“Wait, Sy, your anti-Universe idea says there are exactly two um, sub‑Universes. Even the word ‘*multiverse*‘ suggests more than that.”

“You’re right, Susan, most of the multiverse proposals go to the other extreme. Maybe the most extreme version grew in reaction to one popular interpretation of quantum theory. Do you know about the ‘*Many Worlds*‘ notion?”

“Many Worlds? Is that the one about when I decide between noodles for lunch or a sandwich, the Universe splits and there’s one of me enjoying each one?”

“That’s the popular idea. The physics idea is way smaller, far bigger and even harder to swallow. Physicists have been arguing about it for a half‑century.”

“Come again? Smaller AND bigger?”

“Smaller because it’s a quantum‑based idea about microscopic phenomena. Doesn’t say anything about things big enough to touch. Remember how quantum calculations predict statistics, not exact values? They can’t give you anything but averages and spreads. Einstein and Bohr had a couple of marquee debates about that back in the 1930s. Bohr maintained that our only path to understanding observations at the micro‑scale was to accept that events there are random and there’s no point discussing anything deeper than statistics. Einstein’s position was that the very fact that we’re successfully using an average‑based strategy says that there must be finer‑grained phenomena to average over. He called it ‘*the underlying reality*.’ The string theory folks have chased that possibility all the way down to the Planck‑length scale. They’ve found lots of lovely math but not much else. Hugh Everett had a different concept.”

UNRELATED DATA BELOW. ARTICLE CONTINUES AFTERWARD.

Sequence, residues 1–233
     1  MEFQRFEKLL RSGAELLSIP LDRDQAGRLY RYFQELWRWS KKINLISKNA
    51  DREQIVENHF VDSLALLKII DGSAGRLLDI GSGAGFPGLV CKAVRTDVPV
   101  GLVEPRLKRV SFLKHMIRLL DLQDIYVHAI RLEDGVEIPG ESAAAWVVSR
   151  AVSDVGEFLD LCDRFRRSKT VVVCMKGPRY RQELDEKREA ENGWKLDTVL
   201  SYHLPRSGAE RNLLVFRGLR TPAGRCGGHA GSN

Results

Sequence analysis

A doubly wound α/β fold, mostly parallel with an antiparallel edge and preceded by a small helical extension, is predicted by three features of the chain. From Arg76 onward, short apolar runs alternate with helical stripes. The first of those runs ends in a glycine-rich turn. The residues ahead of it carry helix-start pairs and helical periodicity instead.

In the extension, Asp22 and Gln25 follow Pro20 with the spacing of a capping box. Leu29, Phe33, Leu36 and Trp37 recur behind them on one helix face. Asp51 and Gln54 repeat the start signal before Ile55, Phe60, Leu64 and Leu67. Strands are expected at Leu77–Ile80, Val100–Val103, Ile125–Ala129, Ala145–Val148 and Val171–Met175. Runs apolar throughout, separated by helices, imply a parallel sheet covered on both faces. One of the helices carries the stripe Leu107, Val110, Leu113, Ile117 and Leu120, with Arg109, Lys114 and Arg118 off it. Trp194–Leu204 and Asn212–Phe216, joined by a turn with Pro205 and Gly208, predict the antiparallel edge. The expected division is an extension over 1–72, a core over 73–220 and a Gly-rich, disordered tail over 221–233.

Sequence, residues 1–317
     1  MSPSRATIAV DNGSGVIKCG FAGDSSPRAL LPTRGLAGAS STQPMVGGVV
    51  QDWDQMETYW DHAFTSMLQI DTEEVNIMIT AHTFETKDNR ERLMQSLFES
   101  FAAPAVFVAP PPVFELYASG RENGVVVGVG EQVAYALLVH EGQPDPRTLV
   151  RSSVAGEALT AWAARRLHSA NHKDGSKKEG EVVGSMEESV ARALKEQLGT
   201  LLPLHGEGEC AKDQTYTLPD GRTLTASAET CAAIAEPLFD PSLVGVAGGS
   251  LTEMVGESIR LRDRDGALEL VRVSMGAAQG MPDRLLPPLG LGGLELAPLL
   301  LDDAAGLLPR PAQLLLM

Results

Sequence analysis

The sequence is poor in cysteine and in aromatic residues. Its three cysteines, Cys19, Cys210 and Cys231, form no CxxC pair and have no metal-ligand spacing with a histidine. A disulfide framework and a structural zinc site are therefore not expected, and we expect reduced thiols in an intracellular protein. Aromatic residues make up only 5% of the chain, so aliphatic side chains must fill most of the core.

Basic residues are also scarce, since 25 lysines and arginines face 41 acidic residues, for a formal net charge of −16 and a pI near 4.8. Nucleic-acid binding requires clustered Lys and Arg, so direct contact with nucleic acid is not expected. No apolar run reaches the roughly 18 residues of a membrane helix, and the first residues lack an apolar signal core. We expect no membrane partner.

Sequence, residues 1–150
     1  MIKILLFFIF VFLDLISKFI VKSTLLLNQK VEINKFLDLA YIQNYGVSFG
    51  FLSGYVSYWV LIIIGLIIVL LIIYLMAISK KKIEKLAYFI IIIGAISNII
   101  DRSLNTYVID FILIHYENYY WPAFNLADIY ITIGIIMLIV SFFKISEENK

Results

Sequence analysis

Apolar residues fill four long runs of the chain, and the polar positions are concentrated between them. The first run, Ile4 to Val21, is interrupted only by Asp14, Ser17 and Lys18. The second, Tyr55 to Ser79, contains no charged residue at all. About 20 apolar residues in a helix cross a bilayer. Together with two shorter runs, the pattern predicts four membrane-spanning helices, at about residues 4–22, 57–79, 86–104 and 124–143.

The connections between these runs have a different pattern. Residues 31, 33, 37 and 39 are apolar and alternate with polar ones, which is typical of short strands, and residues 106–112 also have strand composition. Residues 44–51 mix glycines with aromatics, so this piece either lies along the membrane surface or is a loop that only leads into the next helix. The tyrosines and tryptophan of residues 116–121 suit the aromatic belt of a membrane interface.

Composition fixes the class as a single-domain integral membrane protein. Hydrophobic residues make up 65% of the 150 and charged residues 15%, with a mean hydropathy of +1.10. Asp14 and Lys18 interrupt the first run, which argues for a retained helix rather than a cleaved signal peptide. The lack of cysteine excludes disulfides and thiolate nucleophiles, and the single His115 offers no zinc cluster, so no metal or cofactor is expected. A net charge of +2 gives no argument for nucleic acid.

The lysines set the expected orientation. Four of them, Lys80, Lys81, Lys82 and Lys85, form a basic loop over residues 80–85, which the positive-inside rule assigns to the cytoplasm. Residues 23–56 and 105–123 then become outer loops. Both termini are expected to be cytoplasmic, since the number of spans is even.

“With that build‑up, it’d better have something to do with Many Worlds.”

“Oh, it does. Pieces of the idea have been lying around for centuries, but Everett pulled them all together and dressed them up in a quantum suit. Put simply, in his PhD thesis he showed how QM’s statistics can result from averaging over Universes. Well, one Universe per observation, but you experience a sequence of Universes and that’s what you average over.”

“How can you *show* something like that?”

“By going down the rabbit hole step by step and staying strictly within the formal QM framework. First step was to abstractify the operation of observing. He said it’s a matter of two separate systems, an observer **A** and a subject **B**. The **A** could be a person or electronics or whatever. What’s important is that **A** has the ability to assess and record **B**‘s states and how they change. Given all that, the next step is to say that both **A** and **B** are quantized, in the sense that each has a quantum state.”

“Wait, EACH has a quantum state? Even if **A** is a human or a massive NMR machine?”

“That’s one of the hard‑to‑swallows, but formally speaking he’s okay. If a micro‑system can have a quantum state then so can a macro‑system made up of micro‑systems. You just multiply the micro‑states together to get the macro‑state. Which gets us to the next step — when **A** interrogates **B**, the two become entangled. We then can only talk about the combined quantum state of the **A+B** system. Everett referred to an Einstein quote when he wrote that a mouse doesn’t change the Moon by looking at it, but the Moon changes the mouse. The next step’s a doozy so take a deep breath.”

“Ready, I suppose.”

“**B** could have been in any of its quantum states, suppose it’s **#10**. After the observation, **A+B** must be an entangled mixture of whatever **A** was, combined with *each* of **B**‘s possible final states. Suppose **B** *might* switch to **#42**. Now we can have **A+B(#42)**, separate from a persisting **A+B(#10)**, plus many other possibles. As time goes by, **A+B(#42)** moves along its worldline independent of whatever happens to ** A+B(#10)**.”

“If they’re independent than each is in its own Universe. That’s the Many Worlds thing.”

“Now consider just how many worlds. We’re talking every potential observing macro‑system of any size, entangled with all possible quantum states of every existing micro‑system anywhere in our Observable Universe. We’re a long way from your noodles or sandwich decision.”

“An infinity of infinities.”

“Each in its own massive world.”

“Hard to swallow.”

~~ Rich Olcott